Doug's story takes place in a hospital. I know a thing or two about hospitals, too. A few years ago I felt a lump on the side of my neck, and it was my turn in the MRI machine. It was cancer. I was told I had a 40 percent chance of survival.
So while you're sitting around with the other patients in your pajamas and everybody's pale and thin and you're waiting for your turn to get the gamma rays, you think about a lot of things. Mostly you think about, "Am I going to survive?" But you think about other things, too, like, "What was I put on Earth to do?" At this point I knew that if I survived, my purpose was to help as many people as possible regain the creative confidence they lost along their way.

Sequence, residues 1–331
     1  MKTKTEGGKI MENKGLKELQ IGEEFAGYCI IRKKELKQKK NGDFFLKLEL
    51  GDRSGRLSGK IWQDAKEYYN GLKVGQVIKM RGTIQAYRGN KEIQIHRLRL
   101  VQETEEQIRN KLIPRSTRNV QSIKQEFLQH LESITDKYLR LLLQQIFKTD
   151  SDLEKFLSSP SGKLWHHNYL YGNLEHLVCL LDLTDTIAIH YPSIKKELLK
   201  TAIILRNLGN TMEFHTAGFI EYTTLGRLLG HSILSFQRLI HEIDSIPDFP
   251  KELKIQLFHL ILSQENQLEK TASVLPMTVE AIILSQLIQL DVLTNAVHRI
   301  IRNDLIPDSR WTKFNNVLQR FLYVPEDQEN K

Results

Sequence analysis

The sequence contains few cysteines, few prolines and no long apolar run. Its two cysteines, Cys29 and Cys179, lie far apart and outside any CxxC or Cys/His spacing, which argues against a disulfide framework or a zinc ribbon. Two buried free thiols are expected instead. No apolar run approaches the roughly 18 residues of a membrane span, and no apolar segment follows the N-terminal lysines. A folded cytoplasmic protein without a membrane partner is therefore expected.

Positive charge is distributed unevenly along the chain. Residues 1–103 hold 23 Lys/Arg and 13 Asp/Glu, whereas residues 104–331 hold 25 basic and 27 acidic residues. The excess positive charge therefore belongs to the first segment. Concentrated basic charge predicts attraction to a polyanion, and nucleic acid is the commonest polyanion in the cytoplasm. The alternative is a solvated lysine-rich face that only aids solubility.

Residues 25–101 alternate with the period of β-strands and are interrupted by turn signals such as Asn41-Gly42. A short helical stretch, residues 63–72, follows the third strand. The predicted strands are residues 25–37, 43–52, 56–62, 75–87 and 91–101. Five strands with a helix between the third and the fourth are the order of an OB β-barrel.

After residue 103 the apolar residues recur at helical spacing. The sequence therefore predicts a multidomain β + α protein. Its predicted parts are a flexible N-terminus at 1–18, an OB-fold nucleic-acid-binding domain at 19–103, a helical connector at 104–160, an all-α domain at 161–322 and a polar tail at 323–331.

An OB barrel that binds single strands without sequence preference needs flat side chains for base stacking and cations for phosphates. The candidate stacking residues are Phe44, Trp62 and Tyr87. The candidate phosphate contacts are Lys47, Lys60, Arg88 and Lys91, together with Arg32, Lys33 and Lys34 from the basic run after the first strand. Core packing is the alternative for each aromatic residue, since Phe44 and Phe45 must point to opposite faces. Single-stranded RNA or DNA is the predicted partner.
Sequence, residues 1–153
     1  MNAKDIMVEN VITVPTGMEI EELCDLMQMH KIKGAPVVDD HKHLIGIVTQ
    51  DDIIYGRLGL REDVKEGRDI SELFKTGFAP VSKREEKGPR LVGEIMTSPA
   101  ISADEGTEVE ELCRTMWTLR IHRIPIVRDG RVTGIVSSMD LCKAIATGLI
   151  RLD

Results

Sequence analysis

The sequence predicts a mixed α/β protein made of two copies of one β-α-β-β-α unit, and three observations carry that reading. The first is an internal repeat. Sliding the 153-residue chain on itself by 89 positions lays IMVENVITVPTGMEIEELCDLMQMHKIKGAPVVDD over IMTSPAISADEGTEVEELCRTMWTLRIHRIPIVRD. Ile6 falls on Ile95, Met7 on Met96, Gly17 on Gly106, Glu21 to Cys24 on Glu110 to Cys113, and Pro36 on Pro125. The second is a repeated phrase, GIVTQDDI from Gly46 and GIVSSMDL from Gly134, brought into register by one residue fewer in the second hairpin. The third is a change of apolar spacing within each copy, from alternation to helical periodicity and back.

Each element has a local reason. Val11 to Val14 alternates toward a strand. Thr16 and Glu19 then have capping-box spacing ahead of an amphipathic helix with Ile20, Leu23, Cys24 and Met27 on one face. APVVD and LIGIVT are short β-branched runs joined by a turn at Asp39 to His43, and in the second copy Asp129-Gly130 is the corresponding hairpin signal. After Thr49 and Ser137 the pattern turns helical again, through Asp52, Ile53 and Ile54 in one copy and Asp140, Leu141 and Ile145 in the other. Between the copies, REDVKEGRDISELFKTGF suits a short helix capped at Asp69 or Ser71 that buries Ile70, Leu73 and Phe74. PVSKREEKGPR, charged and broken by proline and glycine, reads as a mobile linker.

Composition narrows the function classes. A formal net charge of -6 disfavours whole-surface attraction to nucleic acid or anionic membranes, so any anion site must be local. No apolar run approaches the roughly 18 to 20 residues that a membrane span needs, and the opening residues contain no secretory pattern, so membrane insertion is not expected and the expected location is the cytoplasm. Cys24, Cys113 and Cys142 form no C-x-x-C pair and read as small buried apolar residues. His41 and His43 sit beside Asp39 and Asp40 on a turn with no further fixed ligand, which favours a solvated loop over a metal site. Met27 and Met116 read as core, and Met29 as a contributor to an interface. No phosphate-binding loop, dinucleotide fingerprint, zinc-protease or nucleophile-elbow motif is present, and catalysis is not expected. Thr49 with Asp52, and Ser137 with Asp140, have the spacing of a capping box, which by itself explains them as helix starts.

So I hope you'll join me on my quest. Let's not let people divide the world into the creatives and the non-creatives, like it's some God-given thing. Let's help people realize that they're naturally creative, and they should let their ideas fly. Achieve what Bandura calls self-efficacy.
Find the belief that you can do what you set out to do. Believe that you can reach a place of creative confidence. Touch the snake.